Paul C. Lyons, Elsie Darrah Morey, 1995. "David White (1862–1935): American paleobotanist and geologist", Historical Perspective of Early Twentieth Century Carboniferous Paleobotany in North America, Paul C. Lyons, Elsie Darrah Morey, Robert H. Wagner
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David White was a model for excellence in the geological profession. From his early years with the U.S. Geological Survey (USGS) under the paleobotanist Lester Ward to his rise to chief geologist of the USGS and chairman of the Division of Geology and Geography of the National Research Council, he displayed a gift for paleobotanical and fossil-fuel research and the ability to combine it with administrative service. His research in paleobotany was focused on the Paleozoic, although his investigations extended into the Cretaceous and the Precambrian. He guided the USGS’s geological research program during World War I and directed activity into oil-shale research and geophysical methods in oil exploration. His carbon-ratio theory led to his recognition as an expert on coalification and petroleum geology. He conducted a longtime study of Pottsville floras and was the foremost expert on correlations of coal beds in the basins of the eastern United States. Notably, he discovered seeds attached to the genus Aneimites. He also established the early Permian age of the Hermit Shale of the Grand Canyon and was the first to identify and recognize the significance of Gigantopteris Schenk in North America.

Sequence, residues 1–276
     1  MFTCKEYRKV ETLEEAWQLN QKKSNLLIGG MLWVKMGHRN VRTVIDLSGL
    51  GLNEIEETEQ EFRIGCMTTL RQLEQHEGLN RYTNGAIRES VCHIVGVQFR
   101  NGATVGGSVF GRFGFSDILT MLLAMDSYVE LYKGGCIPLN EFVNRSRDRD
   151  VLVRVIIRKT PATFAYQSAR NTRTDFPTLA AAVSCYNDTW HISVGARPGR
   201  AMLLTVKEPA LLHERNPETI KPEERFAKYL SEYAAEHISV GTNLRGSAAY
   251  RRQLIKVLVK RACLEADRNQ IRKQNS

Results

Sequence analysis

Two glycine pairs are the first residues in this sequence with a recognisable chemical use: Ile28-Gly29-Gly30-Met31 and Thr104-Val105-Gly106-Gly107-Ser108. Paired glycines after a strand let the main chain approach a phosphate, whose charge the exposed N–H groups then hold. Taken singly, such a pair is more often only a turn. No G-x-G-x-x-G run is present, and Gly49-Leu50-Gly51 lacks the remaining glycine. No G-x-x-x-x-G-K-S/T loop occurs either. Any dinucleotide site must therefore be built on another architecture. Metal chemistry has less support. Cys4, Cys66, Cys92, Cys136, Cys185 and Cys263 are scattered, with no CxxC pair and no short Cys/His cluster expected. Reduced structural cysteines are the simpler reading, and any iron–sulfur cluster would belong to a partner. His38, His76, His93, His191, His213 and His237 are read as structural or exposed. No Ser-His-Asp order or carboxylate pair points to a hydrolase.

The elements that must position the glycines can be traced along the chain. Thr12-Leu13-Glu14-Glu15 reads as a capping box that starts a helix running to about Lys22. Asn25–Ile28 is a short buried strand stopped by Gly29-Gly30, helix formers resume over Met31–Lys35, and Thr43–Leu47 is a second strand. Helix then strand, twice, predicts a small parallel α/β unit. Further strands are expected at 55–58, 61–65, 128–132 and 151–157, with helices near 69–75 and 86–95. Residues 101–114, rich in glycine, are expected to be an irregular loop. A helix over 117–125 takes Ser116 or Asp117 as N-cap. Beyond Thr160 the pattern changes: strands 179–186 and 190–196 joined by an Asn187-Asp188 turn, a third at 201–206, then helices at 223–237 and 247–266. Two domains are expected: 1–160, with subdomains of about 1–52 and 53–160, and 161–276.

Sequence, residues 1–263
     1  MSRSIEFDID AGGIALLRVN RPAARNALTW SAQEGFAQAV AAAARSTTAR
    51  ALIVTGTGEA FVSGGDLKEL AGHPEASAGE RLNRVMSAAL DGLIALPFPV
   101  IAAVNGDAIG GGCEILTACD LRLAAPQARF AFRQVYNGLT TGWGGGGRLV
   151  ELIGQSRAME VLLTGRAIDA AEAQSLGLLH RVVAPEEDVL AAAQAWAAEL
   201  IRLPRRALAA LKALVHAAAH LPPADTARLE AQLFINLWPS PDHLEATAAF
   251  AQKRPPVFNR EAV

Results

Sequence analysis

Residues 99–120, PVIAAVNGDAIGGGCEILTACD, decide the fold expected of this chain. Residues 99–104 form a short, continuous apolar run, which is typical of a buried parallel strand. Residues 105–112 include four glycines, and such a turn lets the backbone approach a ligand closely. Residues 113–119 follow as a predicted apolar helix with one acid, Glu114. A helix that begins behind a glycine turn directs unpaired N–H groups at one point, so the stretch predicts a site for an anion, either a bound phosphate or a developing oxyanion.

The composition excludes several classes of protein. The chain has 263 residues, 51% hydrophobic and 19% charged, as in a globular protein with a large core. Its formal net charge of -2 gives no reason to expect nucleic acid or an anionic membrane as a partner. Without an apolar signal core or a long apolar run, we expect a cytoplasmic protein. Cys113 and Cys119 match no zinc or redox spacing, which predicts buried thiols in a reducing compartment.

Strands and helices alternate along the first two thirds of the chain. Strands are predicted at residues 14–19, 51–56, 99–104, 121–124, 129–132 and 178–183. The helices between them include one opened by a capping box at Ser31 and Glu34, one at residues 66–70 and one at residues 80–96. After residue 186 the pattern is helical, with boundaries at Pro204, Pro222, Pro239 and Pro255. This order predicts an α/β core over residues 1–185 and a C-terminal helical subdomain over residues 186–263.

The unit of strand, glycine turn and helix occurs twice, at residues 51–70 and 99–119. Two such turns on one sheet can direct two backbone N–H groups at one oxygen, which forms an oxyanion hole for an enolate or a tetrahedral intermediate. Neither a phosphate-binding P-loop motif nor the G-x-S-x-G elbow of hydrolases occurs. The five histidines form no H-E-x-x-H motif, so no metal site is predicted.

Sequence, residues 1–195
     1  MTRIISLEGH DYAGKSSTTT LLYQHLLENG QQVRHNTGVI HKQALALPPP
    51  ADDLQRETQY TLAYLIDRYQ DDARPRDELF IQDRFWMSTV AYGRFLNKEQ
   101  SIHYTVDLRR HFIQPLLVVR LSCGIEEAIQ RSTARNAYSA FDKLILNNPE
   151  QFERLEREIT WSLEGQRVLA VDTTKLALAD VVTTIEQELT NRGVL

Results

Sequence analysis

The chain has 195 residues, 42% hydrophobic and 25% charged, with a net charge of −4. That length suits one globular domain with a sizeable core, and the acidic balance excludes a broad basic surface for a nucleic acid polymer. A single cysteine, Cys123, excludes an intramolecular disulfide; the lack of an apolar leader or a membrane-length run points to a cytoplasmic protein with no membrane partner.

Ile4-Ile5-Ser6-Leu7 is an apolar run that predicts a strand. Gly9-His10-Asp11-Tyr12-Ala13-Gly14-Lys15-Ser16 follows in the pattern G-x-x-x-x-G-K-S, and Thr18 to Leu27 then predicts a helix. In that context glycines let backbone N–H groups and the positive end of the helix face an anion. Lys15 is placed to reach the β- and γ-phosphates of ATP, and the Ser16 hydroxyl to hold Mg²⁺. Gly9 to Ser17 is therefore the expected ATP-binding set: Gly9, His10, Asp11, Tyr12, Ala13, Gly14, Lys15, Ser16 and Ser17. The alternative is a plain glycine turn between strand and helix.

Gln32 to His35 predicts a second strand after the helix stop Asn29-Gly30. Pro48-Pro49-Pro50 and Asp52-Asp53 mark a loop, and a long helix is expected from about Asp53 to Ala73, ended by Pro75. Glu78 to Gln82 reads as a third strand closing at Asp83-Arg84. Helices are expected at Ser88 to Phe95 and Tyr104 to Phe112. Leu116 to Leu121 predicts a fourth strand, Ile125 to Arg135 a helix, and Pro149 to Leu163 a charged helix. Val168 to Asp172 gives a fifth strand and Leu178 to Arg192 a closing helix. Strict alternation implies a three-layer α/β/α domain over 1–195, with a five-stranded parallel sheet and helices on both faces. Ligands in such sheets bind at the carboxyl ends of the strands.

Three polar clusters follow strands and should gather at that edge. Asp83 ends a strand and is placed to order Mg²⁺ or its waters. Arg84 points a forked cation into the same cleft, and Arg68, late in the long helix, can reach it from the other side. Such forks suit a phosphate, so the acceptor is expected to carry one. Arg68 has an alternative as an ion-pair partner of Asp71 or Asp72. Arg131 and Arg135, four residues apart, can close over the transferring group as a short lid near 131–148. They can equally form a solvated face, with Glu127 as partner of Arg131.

White’s enthusiasm for research was contagious, and he inspired a new breed of paleobotanist, coal geologist, and petroleum geologist. His prolific research activity led to his presidency of several scientific societies, membership in the National Academy of Science, honorary membership in foreign societies, and three honorary Doctor of Science degrees. For his research he received several medals from national and international scientific organizations. White, who served under four USGS directors, made an indelible mark as a U.S. government scientist, and his contributions continue to influence the fields of paleobotany, coal geology, and petroleum geology.